Shelikof Strait runs along the west coast of the Kodiak Archipelago, separating the islands from the Alaska Peninsula. It stretches about 240 km from the entrance to Cook Inlet to the southwestern end of Kodiak Island. The straight is a glacial trough, deeply incised into the sea floor by Pleistocene glaciers. Ice streaming out of Cook Inlet cut the trough, which is up to 280 m deep. This ice also carved the steep-sided headlands, forming dramatic rock walls like Cape Karluk and Cape Ugat that lies along the shore of the strait.
The Alutiiq name for the strait, Imarpiaq, comes from the root word for ocean and it translates as “real ocean”. This may be a reference to the Strait’s formidable marine conditions. Although relatively narrow, and easy to see across on a clear day, the strait has notoriously rough waters. Strong winds, heavy currents, and large daily tides can make boating treacherous. Nevertheless, Alutiiq paddlers crossed the strait regularly in both kayaks and open skin boats. An 1833 report notes that men from Karluk paddled across the strait each summer to hunt birds on the mainland. Moreover, the presence of ivory, antler, and volcanic stone in Alutiiq settlements indicate that people traded across the strait for thousands of years.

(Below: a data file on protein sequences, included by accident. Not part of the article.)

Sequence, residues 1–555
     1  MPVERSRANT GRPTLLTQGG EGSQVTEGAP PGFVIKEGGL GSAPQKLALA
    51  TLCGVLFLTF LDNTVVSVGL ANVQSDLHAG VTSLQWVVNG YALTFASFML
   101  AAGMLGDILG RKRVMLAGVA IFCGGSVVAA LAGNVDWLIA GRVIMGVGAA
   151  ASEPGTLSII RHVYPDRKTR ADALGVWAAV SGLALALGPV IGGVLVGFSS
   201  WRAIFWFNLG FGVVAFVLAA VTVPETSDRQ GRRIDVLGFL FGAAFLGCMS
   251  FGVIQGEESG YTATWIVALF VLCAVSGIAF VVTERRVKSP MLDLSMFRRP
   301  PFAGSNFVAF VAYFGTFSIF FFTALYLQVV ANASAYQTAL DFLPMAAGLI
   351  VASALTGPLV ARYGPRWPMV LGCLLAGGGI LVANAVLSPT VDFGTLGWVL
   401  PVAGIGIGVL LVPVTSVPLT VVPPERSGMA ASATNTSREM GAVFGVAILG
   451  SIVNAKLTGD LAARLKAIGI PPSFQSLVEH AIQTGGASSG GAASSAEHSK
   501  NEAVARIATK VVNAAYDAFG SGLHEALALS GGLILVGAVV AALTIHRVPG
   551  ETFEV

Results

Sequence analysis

In the past two centuries, the strait has had many names reflecting European colonization in the Gulf of Alaska. These include Smokey Bay, Petrie Strait, Kenai Strait, Alaska Strait, and even Canal de Flores—Strait of Flowers. In 1831, Russian traders dubbed it Shelikof Strait after Siberian merchant Gregorii Shelikov, who founded the Russian colony at Three Saints Bay following the massacre at Refuge Rock.
Source: Alutiiq Museum